First, the temperature probe used by the investigators was attached to the rear of the t:slim Insulin Plastic Pump(KEXON), on the outside of the cartridge. Insulin inside the cartridge is surrounded by a plastic sheath and covered by polycarbonate, providing 2 layers of material between the fluid and the temperature probe. Based on data from the study in question, an estimate of the temperature of fluid within the cartridge is pure speculation.
Second, the investigators charged the insulin pumps in a sealed chamber heated to 35°C (95°F) for a period of 180 minutes (3 hours). The extreme conditions created in the investigators’ laboratory are not applicable to user experiences. It is highly unlikely that users will charge their Insulin Pumps in an unventilated environment in extreme heat for an extended time. In contrast to the authors’ statement that charging the Insulin plastic pump for 3 hours is “not an unlikely scenario”, our findings suggest otherwise. Analysis of data from patient uploads into Diabetes Management Application software found that the average time per charging session for the Insulin Pump is 30 minutes. The authors’ own data demonstrate that charging the Insulin Pump under ambient conditions, even for an excessive period of time, did not result in a significant temperature increase.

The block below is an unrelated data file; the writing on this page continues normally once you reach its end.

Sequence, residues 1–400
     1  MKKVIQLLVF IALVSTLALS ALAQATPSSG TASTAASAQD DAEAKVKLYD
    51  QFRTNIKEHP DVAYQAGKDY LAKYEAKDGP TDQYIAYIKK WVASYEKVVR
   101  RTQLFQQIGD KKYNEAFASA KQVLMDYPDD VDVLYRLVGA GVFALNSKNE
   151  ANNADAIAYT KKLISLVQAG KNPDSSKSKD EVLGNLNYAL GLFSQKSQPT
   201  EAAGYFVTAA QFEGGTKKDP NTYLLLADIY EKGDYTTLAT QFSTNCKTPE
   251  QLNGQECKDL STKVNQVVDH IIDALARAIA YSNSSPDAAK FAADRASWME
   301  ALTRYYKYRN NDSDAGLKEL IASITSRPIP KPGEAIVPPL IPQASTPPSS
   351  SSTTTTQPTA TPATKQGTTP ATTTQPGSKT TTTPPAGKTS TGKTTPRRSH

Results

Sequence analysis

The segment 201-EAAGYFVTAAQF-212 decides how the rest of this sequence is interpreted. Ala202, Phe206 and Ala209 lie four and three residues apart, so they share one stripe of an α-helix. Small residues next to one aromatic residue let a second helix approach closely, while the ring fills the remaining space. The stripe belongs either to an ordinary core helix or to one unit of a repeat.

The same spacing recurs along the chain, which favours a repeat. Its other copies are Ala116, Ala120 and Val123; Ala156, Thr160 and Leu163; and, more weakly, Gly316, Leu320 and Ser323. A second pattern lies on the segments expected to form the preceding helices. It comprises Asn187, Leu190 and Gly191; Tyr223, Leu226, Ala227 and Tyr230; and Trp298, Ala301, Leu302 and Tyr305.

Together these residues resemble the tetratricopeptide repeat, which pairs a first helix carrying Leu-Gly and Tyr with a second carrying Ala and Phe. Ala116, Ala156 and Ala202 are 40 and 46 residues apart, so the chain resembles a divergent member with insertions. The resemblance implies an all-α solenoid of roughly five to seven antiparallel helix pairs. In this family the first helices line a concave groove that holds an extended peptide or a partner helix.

A user of any insulin plastic pump who finds themselves in extreme conditions similar to the heated test in this study should be taking precautions to protect their insulin, as indicated in their plastic pump and insulin labeling.
Click Foam Pump Manufacturers to learn about more information